The Art of Medicine

In just a couple months, many of my friends will discover that the noble profession of medicine has not given them the proverbial middle finger, and that they will shortly be matched to a teaching hospital in a part of the U.S. where they would dare to step foot. Congrats and props you all of you for making it this far, and bless your heart for the years of education and mountains of student debt you will have ahead of you. I remembered briefly considering medical school during my undergrad years; I think after finding out how badly I got owned on my chemistry final, followed by a seminar on how to not fail at applying for med school later that evening, I decided (at the time) that four years of pain and suffering were enough for me (Don’t worry guys, it’ll be worth it for you in the end).

In a few months, I’ll celebrate ten years in medical technology. That’s ten years interacting with hundreds of health care professionals, patients, and fellow medtech enthusiasts about life-transforming technology. If there’s one thing I’ve learned over the years, it’s this: most doctors are great at the science of medicine, but few are skilled in the art of medicine.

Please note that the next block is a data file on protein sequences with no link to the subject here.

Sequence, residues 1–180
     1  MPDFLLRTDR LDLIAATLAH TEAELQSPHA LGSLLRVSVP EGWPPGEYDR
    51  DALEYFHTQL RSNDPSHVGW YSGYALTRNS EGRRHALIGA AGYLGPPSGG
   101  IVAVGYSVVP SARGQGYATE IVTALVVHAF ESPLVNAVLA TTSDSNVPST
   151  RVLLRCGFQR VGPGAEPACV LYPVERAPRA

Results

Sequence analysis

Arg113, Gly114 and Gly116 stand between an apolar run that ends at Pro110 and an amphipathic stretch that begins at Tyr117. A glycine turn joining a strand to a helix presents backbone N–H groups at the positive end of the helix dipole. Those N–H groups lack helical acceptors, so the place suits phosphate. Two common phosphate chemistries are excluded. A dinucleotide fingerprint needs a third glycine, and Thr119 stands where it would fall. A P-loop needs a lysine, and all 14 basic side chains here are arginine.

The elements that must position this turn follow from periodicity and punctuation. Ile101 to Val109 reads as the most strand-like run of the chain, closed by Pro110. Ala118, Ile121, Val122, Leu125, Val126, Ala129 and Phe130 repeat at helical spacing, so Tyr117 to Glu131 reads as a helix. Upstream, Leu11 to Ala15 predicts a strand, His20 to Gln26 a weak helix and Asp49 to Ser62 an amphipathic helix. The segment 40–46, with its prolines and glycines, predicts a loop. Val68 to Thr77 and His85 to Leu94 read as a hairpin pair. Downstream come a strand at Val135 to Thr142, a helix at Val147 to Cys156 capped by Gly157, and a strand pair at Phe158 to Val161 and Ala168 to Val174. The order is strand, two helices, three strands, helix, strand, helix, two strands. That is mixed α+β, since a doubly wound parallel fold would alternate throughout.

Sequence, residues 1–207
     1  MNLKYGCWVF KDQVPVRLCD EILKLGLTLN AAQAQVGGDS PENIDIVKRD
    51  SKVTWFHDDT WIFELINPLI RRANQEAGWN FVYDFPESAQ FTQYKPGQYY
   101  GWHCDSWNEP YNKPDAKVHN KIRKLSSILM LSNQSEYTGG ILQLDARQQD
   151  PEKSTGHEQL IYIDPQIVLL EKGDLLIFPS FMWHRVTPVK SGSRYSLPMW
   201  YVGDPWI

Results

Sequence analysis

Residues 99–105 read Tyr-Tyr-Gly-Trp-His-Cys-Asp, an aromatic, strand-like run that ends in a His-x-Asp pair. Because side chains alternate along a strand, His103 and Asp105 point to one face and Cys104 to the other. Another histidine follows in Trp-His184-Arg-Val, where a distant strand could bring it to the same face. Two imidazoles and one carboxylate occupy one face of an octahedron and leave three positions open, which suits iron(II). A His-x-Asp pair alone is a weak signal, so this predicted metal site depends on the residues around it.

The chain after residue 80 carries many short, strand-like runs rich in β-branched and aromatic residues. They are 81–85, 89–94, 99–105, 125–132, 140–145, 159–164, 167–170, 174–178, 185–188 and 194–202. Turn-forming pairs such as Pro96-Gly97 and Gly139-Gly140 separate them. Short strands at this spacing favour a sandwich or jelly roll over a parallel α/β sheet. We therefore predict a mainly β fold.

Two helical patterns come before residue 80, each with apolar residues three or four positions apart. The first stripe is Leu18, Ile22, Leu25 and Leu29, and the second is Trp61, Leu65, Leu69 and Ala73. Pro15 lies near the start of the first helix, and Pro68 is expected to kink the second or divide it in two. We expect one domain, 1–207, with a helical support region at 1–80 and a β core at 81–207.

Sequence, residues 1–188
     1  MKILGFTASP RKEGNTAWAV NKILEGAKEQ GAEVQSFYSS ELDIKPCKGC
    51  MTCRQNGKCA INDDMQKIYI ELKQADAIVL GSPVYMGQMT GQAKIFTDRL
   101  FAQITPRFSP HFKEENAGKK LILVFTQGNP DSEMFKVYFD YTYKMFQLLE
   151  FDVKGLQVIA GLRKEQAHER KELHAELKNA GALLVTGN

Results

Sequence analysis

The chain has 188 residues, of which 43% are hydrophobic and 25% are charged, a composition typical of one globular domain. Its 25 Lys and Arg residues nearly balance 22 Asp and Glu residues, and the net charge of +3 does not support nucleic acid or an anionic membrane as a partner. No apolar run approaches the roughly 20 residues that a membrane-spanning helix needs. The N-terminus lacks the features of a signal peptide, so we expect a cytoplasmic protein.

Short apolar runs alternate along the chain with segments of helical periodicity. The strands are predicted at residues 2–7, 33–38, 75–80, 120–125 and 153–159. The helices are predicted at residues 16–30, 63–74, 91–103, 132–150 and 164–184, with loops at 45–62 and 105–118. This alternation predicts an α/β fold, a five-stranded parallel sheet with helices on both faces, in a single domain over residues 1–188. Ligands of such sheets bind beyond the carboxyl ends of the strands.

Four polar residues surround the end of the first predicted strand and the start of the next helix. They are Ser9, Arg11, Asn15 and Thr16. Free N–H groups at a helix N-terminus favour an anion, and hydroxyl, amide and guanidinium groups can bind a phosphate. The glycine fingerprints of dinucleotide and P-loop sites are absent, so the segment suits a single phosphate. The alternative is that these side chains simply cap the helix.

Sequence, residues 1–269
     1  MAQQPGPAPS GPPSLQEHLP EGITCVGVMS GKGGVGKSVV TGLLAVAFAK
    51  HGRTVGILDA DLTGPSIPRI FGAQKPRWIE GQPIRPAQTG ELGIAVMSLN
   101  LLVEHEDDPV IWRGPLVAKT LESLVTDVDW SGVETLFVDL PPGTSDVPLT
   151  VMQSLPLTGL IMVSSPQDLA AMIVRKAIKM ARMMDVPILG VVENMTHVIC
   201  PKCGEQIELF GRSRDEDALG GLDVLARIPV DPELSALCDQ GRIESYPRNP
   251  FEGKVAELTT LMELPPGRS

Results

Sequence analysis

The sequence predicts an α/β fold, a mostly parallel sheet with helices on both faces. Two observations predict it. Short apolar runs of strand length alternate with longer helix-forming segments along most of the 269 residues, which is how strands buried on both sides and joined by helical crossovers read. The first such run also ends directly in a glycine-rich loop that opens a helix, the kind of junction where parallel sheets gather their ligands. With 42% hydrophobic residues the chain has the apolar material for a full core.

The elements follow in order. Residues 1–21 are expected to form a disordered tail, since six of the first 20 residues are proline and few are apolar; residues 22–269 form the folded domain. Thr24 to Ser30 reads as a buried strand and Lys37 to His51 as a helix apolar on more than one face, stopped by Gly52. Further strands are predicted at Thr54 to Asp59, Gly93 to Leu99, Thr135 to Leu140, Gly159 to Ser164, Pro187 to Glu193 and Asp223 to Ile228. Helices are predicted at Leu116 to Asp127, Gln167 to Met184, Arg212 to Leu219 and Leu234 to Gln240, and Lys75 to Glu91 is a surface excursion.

What do I mean by the art of medicine? A modern version of the Hippocratic Oath states:

I will remember that there is art to medicine as well as science, and that warmth, sympathy, and understanding may outweigh the surgeon’s knife or the chemist’s drug.

In an interview I did a few years ago with health entrepreneur Ron Gutman, he shared:

The art of medicine is about people, about the human part, and just being concerned for your patient. A physician has a role well beyond simply prescribing a medication or treatment. He has a role of reassurance, of lending a shoulder.

Much of the sympathy and reassurance that a doctor provides simply boils down to proper “education”. During my time working at Apple, I learned that the root of many, if not most, of the reasons for broken relationships with people and Apple and its products is an inadequate understanding of what something can/cannot do and how to do it. This was clearly evident during my first year in the medical device industry, as some patients would call in and literally ask, “What did my doctor put in my body, and what does it do?”

To future doctors, and anyone working in the service industry: it will improve the lives of everyone if we simply take the time and learn how to properly educate someone. It amazes me how much more anger is placated and fewer lawyers get involved when we make sure our customers adequately know the products they pay for, and we apply some of the principles of the art of medicine.

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